Preview is a nice feature, so thank you for enabling it.
The best thing about Forestry is how easy it was to configure markdown files with custom fields (we added schema tags field, title and meta title field, etc.) or at least it seemed easy to me. Or we simply did a good job at it.
Forestry as Headless CMS
Before we continue with the interview let me share a couple of things about Forestry. First of all, Forestry is Git-based CMS which means it doesn’t have an API and a database. It is a layer on top of Git and it's interacting directly with the files in the repository. Every action that happens in the CMS like editing, creating, and deleting is an action taken as part of the git workflow.
Second, setting up Forestry is fairly simple. Once you sign up and before choosing your repository, choose your static site generator. Forestry supports many SSGs and provides default settings for Jekyll, Hugo, VuePress, and Gatsby. Finally, set your git provider which can be GitHub, BitBucket, GitLab, and Azure DevOps, and you are set.
OK. Now back to the interview.
The biggest challenge you had while doing this project and how did you overcome it?
Finding a good and low runtime cost CSS-in-JS solution was challenging. We’ve been using styled-components in most of our projects so far and we really love it. The runtime cost of v5 is around 12kb min + gzip. I was curious if we can get rid of it. After some research, I discovered linaria and astroturf. Both claim to be “Zero runtime CSS-in-JS” libraries. We made a bet on linaria and so far it does its job.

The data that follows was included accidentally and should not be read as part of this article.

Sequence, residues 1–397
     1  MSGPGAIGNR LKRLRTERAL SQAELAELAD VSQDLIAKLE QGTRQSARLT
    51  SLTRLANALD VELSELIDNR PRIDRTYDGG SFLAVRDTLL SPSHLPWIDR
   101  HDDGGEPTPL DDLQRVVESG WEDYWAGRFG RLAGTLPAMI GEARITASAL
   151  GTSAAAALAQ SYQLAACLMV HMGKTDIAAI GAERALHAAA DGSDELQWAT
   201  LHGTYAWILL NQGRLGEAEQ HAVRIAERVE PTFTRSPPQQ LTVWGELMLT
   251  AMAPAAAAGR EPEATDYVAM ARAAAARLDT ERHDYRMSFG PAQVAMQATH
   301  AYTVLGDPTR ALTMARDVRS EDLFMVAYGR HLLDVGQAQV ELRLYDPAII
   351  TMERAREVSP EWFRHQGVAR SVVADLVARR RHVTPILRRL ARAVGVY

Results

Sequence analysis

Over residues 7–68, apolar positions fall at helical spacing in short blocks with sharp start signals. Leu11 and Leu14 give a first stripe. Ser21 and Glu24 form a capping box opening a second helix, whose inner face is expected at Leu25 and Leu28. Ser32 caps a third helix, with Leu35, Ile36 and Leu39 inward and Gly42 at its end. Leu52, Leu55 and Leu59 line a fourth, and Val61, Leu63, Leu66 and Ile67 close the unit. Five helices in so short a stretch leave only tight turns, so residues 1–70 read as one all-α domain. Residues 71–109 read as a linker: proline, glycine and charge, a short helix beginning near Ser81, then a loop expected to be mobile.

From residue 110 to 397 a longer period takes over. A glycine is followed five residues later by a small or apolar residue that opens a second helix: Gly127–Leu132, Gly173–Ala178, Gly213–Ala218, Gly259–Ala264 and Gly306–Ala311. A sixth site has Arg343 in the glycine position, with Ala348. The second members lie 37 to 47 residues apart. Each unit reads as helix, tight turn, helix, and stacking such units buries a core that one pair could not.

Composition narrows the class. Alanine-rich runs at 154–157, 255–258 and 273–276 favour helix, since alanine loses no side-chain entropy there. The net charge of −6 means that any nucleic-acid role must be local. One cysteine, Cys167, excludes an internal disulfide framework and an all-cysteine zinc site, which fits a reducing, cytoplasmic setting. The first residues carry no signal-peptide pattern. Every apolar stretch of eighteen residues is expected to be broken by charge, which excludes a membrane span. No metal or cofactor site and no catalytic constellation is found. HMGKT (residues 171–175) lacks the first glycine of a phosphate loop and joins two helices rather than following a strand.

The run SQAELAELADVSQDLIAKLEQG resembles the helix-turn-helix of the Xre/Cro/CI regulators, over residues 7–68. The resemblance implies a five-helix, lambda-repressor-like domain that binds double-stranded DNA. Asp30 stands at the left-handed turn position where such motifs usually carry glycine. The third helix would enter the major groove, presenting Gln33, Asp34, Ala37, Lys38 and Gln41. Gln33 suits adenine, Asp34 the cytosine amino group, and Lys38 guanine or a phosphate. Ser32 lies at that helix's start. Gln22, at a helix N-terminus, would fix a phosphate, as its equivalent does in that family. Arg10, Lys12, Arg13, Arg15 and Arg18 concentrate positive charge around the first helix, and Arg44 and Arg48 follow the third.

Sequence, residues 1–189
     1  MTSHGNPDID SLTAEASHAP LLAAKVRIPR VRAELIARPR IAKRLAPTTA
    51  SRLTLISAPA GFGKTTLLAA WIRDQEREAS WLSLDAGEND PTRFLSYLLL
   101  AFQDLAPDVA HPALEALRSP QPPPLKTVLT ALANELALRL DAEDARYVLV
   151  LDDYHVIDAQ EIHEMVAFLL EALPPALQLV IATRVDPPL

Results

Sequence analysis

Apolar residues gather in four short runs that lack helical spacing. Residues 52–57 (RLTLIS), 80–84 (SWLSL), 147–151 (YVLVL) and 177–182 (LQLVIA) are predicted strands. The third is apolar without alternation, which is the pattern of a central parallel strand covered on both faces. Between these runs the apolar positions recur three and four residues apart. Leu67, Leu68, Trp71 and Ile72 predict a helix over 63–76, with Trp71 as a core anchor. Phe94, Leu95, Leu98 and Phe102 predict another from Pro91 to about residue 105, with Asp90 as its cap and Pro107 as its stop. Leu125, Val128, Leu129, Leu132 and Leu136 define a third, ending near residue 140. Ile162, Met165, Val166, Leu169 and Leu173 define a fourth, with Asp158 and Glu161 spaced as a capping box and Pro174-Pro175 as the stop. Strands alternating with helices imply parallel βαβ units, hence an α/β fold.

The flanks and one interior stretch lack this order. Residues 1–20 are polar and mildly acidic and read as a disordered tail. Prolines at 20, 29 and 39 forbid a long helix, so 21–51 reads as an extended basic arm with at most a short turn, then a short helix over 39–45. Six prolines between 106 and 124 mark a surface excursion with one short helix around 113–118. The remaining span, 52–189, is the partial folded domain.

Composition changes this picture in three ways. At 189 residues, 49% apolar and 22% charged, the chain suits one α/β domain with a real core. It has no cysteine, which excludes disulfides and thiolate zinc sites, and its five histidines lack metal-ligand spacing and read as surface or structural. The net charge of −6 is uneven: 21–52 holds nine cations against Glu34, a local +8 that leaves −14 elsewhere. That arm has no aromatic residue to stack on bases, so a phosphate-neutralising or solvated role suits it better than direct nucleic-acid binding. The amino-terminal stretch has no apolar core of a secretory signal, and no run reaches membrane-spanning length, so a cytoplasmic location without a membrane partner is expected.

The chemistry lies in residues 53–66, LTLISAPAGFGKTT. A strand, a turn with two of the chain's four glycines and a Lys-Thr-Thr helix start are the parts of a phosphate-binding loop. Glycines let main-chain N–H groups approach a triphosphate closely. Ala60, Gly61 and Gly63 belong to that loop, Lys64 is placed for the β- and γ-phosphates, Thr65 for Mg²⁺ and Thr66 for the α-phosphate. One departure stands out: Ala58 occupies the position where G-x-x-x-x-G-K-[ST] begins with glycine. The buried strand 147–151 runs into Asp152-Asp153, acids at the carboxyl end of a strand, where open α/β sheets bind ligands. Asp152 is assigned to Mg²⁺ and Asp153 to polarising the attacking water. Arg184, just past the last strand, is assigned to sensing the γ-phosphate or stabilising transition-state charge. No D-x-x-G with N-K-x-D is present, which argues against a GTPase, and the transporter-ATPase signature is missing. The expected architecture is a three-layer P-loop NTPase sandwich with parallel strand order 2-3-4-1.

Was there anything about the implementation/results that surprised you?
I’m really stunned by how Gatsby improved DX and built an amazing community over time. V1 had a lot of bugs, weird behaviors, and a lack of stability. V2 brings pleasure to the development process.
Finally, your general opinion of the 'stack' combo that you were using in this particular project? The good and the bad sides?
I do like the stack we picked. I think there are still some opportunities to improve performance, especially on the gatsby-internal level. I’m watching closely work related to enabling modern builds.
Let’s have a look at the Lighthouse scores once more:
- First Contentful Paint1.1 s
- First Meaningful Paint1.1 s
- Speed Index1.6 s
- First CPU Idle2.6 s
- Time to Interactive2.6 s
- Max Potential First Input Delay180 ms
Not too shabby if I may say so. The thing is, those scores are just the tip of the iceberg as far as we are concerned. Because web development is not just about speed and performance isn’t it?
Being a web dev shop over time I’d say we’ve learned pretty damn well how to balance performance, design, clients' wishes, developer’s experience, and audience expectations. So sometimes, while speed is important, so too can be the need for video and fancy animations which can trump performance numbers but raise conversions. Other times better UX, content, and visitors flow or branding is under the spotlight.
Finding the sweet spot for each client is the real art. Think we’ve nailed it, again!
Wonder if we can help you out? Let’s get in touch!
CLICK HERE to schedule a 1-on-1 talk and let us show you what we can do for you and your business.